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New York Daily News

Mike’s Spanish Ayes Fade 47% Latino Support Has Dwindled To 19%


June 23, 2003
Copyright © 2003
New York Daily News, Bell & Howell Information and Learning Company. All rights reserved. 

Getting a big chunk of the Latino vote helped Mayor Bloomberg win election in 2001 - but notching Hispanic support has proven easier than keeping it.

In November 2001, voter surveys showed Bloomberg won 47% of the Hispanic vote. His current approval rating among Hispanic voters is at a perilously low 19%, according to a New York Times poll published this month.

"Anybody who's going to be mayor of New York City has to win the Latino vote," said Bronx Borough President Adolfo Carrion. "If the mayor wants to win reelection, he's got to do better with the Latinos."

Symbolic gestures, such as twice traveling to Puerto Rico and the Dominican Republic, have been noticed and appreciated.

But City Council Majority Leader Joel Rivera (D-Bronx) and others told the Daily News that Hispanics are angry with Bloomberg for the same reasons that most New Yorkers are angry with him - higher taxes and fines and massive budget cuts.

The Latino community, they say, has been more directly - and perhaps disproportionately - affected by the city's budget woes because middle- and low-income families have been hit the hardest.

"For God's sake, acknowledge the pain that's been inflicted on working families in this city," Carrion said. " 'Let me know that you care' - I think that's what people are saying."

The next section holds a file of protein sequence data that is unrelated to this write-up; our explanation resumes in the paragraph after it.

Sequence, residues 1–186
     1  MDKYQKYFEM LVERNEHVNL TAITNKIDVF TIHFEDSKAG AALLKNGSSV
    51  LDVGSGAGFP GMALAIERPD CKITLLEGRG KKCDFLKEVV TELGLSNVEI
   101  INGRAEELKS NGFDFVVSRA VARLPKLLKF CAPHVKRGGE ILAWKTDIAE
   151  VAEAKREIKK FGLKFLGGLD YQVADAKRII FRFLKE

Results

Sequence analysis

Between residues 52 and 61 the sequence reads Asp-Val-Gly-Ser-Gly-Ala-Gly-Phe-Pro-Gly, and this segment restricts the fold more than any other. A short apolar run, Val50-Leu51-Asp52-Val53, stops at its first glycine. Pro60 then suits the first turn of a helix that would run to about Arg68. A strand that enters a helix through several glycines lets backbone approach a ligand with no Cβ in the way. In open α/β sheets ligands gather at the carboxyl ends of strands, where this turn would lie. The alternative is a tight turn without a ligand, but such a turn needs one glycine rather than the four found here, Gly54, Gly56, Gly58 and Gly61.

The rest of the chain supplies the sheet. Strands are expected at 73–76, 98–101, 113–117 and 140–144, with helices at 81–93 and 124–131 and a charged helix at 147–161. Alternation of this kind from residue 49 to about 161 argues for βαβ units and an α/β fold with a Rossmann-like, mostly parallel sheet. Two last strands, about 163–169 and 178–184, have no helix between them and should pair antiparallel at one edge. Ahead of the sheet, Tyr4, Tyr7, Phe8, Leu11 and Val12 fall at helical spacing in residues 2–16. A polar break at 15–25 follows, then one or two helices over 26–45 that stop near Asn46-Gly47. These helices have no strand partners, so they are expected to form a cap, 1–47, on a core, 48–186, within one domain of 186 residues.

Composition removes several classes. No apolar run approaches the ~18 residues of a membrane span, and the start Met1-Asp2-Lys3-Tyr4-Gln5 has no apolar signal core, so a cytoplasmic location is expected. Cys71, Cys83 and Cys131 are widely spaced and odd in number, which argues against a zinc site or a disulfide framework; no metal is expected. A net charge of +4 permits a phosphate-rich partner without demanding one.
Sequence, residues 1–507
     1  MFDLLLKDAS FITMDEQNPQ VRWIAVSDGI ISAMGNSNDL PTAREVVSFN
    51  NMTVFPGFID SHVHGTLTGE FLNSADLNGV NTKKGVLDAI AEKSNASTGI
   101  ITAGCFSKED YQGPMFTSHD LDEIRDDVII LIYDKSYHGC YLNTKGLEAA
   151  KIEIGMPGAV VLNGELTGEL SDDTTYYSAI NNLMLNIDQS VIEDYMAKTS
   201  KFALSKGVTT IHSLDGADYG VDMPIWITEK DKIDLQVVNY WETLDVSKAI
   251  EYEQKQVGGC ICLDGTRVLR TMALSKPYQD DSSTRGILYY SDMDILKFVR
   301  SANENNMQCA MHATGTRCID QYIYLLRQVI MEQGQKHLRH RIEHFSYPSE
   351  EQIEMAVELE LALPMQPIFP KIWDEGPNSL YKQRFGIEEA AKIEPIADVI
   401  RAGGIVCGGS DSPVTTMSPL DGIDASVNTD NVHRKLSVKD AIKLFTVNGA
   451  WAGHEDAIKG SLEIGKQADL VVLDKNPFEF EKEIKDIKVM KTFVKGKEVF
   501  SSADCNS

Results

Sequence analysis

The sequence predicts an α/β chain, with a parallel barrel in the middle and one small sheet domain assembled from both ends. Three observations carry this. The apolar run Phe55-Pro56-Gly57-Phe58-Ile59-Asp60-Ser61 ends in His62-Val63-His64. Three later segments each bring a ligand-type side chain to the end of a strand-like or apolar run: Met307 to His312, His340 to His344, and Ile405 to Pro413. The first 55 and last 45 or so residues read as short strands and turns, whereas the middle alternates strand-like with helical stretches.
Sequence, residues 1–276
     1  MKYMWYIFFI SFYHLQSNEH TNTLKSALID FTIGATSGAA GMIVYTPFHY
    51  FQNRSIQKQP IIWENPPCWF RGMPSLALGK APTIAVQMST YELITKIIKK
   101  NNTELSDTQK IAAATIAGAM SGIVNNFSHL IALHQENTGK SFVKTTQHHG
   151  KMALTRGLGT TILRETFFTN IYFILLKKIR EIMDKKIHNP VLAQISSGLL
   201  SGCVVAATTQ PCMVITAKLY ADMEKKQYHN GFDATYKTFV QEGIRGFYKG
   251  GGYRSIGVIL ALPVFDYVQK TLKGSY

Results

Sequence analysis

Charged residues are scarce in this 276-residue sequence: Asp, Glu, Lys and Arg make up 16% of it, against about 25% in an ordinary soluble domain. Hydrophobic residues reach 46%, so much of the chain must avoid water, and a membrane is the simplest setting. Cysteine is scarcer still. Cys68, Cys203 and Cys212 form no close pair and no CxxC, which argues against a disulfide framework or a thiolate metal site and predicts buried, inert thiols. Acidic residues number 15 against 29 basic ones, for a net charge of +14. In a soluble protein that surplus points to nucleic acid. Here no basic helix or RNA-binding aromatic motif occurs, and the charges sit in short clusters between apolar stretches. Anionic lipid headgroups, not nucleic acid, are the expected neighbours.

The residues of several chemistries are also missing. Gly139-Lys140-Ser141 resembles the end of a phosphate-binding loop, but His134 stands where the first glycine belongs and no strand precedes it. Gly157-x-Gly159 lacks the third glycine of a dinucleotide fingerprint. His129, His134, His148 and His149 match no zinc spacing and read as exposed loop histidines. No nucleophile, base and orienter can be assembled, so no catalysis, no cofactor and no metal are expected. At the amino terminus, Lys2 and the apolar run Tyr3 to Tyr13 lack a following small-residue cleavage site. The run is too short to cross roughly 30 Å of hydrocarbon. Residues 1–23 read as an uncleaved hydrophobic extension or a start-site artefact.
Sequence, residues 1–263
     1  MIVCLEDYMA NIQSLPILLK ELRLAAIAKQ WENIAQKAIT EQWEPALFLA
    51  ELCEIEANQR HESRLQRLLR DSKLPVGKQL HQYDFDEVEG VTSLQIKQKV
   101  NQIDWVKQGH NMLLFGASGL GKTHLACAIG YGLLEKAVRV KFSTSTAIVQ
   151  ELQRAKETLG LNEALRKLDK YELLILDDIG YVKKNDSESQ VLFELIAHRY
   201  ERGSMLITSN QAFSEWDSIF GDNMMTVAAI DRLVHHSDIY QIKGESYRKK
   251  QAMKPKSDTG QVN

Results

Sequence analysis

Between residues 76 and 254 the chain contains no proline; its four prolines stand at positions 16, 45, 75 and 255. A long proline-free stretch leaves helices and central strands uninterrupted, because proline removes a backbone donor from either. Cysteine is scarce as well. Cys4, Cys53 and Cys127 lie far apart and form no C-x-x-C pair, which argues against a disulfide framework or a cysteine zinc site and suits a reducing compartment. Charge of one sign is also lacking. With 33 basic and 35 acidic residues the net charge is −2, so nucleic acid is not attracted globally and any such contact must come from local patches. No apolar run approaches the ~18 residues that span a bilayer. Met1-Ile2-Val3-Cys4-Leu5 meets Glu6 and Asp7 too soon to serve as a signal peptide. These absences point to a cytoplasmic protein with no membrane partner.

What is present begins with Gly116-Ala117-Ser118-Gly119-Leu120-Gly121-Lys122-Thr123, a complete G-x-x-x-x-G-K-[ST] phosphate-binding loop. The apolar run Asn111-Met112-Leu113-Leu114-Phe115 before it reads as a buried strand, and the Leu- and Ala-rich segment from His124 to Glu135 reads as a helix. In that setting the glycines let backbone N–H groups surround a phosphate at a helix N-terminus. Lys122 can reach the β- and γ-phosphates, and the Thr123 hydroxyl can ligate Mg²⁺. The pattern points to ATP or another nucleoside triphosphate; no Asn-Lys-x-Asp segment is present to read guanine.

State Sen. Olga Mendez, a GOP convert who considers herself a Bloomberg supporter, said the mayor is perceived as standoffish.

"He's a sort of reserved person," Mendez said. "We Puerto Ricans, and other Latinos, tend to be exuberant in expressing ourselves."

Bloomberg's wealth may be playing a factor. "It's not his fault, but it's extremely difficult for him to feel the pain because he's not from the community," Rivera said.

No one's happy

Just because Bloomberg is a billionaire, Mendez said, doesn't mean he lacks compassion.

"Once the people understand that he had to do what he is doing because of the economic situation, it would be more palatable for them," she said.

Bloomberg's communications director Bill Cunningham said the mayor's low poll numbers - among Latinos and all New Yorkers - reflect that the mayor has asked the city to sacrifice in tough economic times.

"We have not been in the business of giving out good news," Cunningham said. "The same thing that aggravates the Latino community aggravates every other community in these polls."

He added: "Nobody really likes taking their medicine."

Bloomberg, who promised a diverse administration during his campaign, has appointed a slew of Latinos to top city posts and boards. 'Decent' to community One of Bloomberg's five deputy mayors, and nine of his 41 agency heads, are Hispanic.

To his credit, many say, Bloomberg hasn't done anything significant to inflame minority-group members, including Latinos, during his 18 months in office.

"He has been fair," said Councilwoman Margarita Lopez (D- Manhattan). "He has been a decent person to the Latino community."

But, she said, "He doesn't have a good PR team that communicates in the most effective way with the Latino community."

Latinos are also closely watching how the administration will move forward with bilingual education. The divisive issue has been the subject of many rumors, but the administration has yet to unveil its plan.

Over the next two years, Cunningham predicted the administration will build a record of accomplishment that, he said, will appeal to Latinos and all New Yorkers. "Ultimately, people are going to say, 'While you were mayor, what did you do?' "

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